Anyone feel "empowered" yet?

Permalink to Comment

18. Hap on February 1, 2010 3:33 PM writes...

5: Lots of those people had a hand in nearly sinking the world economy and costing multiple trillions of dollars. If they haven't been burned in effigy (at least) yet, I'm not certain that destroying the pharma industry will yield them any of their vitriol their actions merit. By the time any rage registers, they will, like the "terrorists" in Die Hard, be "on a beach, earning twenty percent".

Permalink to Comment

19. Barber Shoppe on February 1, 2010 3:37 PM writes...

re. Anomymous
Absolutely did not mean that they kept ONLY their really good scientists last time - the triage last year was truly insane. It's just that those ones who somehow did keep their jobs have now just lost all hope...

Permalink to Comment

20. Hap on February 1, 2010 3:55 PM writes...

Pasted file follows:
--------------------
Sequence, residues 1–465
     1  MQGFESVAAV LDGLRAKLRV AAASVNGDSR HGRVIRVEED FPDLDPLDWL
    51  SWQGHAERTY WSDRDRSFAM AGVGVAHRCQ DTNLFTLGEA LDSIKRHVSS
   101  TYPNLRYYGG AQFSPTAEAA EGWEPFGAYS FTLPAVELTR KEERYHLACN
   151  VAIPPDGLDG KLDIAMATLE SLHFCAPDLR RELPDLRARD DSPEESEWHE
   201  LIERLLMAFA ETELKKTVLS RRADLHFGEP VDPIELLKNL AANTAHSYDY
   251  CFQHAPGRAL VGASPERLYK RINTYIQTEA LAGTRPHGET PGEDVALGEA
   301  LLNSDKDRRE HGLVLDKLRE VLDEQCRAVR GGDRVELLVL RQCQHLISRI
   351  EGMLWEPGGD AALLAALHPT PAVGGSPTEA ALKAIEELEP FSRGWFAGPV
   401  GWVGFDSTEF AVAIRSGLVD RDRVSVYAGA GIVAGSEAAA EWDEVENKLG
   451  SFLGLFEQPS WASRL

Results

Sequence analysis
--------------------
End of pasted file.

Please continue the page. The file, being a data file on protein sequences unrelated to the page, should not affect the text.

Are there legal reasons (insider trading) why the financial results are kept from the rest of the company? It seems both wasteful of money (which you would have rather spent elsewhere) and an obvious message to the rest of the world when you suddenly cancel a mass meeting like this instead of (for example) not scheduling it at all? (Not having layoffs announced by the press rather than your own people might be nice, too.)

In addition, if you think that the financial results are dependent on quarter-to-quarter variations in activity, it would seem that you would want shorter-term financial guidance for management, to have an opportunity to change bad quarterly results before they happen. (That would probably lead to chaos here, but since you've already decided that that doesn't matter, you might as well follow your logic to its logical conclusion.)

Permalink to Comment

21. Dr Remulac on February 1, 2010 3:58 PM writes...

#13 is right on. GSK is doomed.

Permalink to Comment

22. Karen on February 1, 2010 4:23 PM writes...